Racing with Rich Energy becomes a collection of receipts. The biggest questions never get answered. Did anyone in Haas, which clearly has a legal team, do any research on Storey? Where did his money come from, if it existed at all? How did he weasel his way onto such a big stage? There are hints in here but nothing concrete.
Ultimately, this book lays out a game plan for reporters — I hope it’s King and Blackstock again — to pick this up in ten years, provided we still have things like books and race cars and money in a decade. By then, more people will be able to speak freely and we can get a better idea how this all actually happened. We’ll probably be too distracted by the high profile fraud of that particular year, mind, to really learn our lesson from the past. But I can dare to dream.
I got sucked into HBOMax’s The Climb on Monday. It’s not immediately griping TV but it is interesting enough, if only because I’ll watch just about anyone who is really good at what they do do that thing. What sticks out to me the mostis how the producers found a diverse cast of athletes to compete, which helps to reinforce that the outdoors is for everyone. A push for equity in access to outdoor spaces and activities has been going on for years now and it's great to see it embraced here. If you are in the mood for scenic vistas and watching people haul themselves up same, check it out.
Lesson of a past age: never start a land war in Asia
it’s almost always a man. There are exceptions — I’m looking at you Elizabeth Holmes — but they are few and far between.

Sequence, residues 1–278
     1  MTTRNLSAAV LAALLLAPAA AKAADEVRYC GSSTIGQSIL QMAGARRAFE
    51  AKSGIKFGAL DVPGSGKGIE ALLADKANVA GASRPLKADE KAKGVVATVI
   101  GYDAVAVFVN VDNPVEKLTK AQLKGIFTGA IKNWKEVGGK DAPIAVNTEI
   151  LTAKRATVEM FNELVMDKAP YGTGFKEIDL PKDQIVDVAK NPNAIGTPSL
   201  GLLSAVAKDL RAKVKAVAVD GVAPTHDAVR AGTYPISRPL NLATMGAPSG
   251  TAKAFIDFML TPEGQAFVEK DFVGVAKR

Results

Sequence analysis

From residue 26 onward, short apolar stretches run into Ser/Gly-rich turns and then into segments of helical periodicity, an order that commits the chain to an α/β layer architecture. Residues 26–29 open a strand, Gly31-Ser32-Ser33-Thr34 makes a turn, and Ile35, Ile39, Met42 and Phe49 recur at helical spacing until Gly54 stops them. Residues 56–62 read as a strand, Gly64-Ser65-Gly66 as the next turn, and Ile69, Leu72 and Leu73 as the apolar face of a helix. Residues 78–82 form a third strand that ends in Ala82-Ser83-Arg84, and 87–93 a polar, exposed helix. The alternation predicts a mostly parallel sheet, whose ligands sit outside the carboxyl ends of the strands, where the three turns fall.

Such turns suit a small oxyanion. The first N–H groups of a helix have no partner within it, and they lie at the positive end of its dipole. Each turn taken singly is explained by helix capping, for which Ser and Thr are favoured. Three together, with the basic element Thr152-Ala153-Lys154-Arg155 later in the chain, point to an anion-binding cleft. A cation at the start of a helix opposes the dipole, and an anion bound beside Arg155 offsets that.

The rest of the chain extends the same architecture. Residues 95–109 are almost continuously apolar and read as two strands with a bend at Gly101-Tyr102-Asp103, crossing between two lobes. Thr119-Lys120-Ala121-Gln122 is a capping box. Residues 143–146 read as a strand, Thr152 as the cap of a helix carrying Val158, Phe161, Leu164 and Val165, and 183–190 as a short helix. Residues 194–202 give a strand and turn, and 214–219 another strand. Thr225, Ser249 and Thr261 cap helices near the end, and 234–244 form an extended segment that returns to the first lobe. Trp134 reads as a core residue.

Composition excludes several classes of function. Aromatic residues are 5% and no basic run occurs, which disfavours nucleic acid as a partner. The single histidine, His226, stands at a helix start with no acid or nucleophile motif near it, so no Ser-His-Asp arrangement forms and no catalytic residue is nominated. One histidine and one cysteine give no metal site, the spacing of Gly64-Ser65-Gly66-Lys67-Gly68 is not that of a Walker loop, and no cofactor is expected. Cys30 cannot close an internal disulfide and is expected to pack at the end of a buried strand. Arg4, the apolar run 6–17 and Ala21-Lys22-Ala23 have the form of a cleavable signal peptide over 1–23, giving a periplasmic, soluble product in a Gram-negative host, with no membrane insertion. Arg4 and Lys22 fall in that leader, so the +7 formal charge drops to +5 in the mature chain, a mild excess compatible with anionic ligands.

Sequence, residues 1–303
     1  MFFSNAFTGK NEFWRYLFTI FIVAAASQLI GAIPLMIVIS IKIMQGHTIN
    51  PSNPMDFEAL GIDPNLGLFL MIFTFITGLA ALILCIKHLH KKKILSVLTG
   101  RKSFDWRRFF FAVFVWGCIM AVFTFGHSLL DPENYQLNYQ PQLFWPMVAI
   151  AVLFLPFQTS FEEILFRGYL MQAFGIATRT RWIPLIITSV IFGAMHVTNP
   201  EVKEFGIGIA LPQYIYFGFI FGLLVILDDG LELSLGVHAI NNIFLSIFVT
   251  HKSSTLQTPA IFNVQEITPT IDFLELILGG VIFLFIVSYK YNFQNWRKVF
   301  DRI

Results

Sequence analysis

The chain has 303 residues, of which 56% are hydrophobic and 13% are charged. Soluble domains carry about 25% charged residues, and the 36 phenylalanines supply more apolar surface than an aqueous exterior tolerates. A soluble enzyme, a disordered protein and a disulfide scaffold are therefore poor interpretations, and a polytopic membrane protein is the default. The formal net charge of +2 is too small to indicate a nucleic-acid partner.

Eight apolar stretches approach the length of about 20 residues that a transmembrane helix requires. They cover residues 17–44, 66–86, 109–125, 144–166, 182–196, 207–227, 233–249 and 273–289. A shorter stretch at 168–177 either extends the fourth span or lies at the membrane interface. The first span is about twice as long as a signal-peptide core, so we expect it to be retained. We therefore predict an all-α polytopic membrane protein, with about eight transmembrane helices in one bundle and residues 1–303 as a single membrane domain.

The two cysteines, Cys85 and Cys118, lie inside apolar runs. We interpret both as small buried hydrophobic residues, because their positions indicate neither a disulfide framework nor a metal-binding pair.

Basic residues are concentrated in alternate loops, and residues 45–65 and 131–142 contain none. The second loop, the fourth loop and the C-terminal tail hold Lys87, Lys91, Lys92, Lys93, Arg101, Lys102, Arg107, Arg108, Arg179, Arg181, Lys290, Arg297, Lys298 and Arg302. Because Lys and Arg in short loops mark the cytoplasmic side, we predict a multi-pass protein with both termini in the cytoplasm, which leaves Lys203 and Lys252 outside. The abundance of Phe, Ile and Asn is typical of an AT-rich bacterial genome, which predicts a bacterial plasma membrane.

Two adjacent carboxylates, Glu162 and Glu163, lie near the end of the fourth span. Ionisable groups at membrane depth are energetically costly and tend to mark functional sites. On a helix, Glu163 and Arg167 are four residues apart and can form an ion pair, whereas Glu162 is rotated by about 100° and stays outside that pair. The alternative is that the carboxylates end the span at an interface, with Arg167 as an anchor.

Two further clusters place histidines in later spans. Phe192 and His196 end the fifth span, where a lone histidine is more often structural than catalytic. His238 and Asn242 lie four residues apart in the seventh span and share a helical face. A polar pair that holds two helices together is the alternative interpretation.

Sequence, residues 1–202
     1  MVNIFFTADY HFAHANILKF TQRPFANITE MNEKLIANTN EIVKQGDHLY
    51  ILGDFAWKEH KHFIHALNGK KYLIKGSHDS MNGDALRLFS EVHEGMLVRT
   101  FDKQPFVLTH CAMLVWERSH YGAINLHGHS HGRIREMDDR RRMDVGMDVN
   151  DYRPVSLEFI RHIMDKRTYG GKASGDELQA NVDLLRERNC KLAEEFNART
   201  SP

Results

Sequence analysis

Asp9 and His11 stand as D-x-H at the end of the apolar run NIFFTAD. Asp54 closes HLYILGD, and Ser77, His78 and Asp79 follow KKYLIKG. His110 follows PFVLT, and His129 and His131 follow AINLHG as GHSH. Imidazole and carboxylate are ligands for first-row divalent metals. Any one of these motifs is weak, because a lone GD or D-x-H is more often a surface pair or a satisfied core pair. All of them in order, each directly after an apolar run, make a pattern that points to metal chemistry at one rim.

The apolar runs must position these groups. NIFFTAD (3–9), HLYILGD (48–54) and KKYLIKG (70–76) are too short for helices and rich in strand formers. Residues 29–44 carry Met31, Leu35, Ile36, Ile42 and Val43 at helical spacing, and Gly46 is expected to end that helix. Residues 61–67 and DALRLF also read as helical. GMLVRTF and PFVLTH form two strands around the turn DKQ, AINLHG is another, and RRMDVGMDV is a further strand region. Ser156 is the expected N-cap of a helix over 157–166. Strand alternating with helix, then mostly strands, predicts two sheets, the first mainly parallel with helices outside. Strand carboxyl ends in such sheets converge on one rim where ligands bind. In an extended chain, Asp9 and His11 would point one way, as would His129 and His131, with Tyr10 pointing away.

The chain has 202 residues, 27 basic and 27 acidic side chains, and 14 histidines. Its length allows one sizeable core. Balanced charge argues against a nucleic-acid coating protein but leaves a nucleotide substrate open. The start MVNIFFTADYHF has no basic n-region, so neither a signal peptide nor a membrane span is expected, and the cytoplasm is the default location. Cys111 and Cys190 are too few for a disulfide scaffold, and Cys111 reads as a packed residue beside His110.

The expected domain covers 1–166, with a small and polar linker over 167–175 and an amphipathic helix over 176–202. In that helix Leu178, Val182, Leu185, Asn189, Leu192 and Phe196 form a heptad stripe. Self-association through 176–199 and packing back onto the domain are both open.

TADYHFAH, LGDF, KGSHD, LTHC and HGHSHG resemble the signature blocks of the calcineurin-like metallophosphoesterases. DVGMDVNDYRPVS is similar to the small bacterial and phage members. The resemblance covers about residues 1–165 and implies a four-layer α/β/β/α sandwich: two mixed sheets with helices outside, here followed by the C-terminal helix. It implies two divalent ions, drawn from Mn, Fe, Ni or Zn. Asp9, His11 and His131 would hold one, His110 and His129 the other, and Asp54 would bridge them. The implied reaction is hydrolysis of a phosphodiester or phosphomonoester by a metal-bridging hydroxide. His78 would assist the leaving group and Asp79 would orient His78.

The NYT’s Vanessa Friedman wrote a great piece about the importance of clothing/costume when it comes to committing fraud. Related: I wonder if Avery Trufelman has seen it?
As you know, Bob, I’m a big fan of F1 thanks to Drive to Survive and 50+ years of hearing my father talk about it. I could not care less about the engineering and mechanics and aerodynamics. I’m just in it for the drama (and Toto Wolf.)
It’s tempting to mention the Mazepins among the fraudsters but it doesn’t quite work. Their money is actual and technically legally obtained, if morally and ethically abhorrent.
Drive to Survive Season 2 Episode 2 is a primer on what happened. In short: Haas the racing team took on Rich Energy, an energy drink company, as a sponsor. It gets weird.
Another pitfall that needs to be covered more in J-school is how long you spend waiting for someone to call/email/text you back. It is maddening — and it’s hard to not slowly become Glenn Close’s character in Fatal Attraction, the one who responded to being ignored by boiling a family pet. As a reporter, you will be ignored. A lot. Cultivate a hobby.
And that the ones who won’t talk are the first to complain that no one wants to hear their side, despite the fact that they won’t share their side on the record. Back in the day when I used to do this for a living, most of my anger was saved for the people who’d say “no comment” to me and “the media won’t tell you what really happened” in public. Asssholes.
Apart from the obvious, which is that rock climbing looks really fucking hard, yo.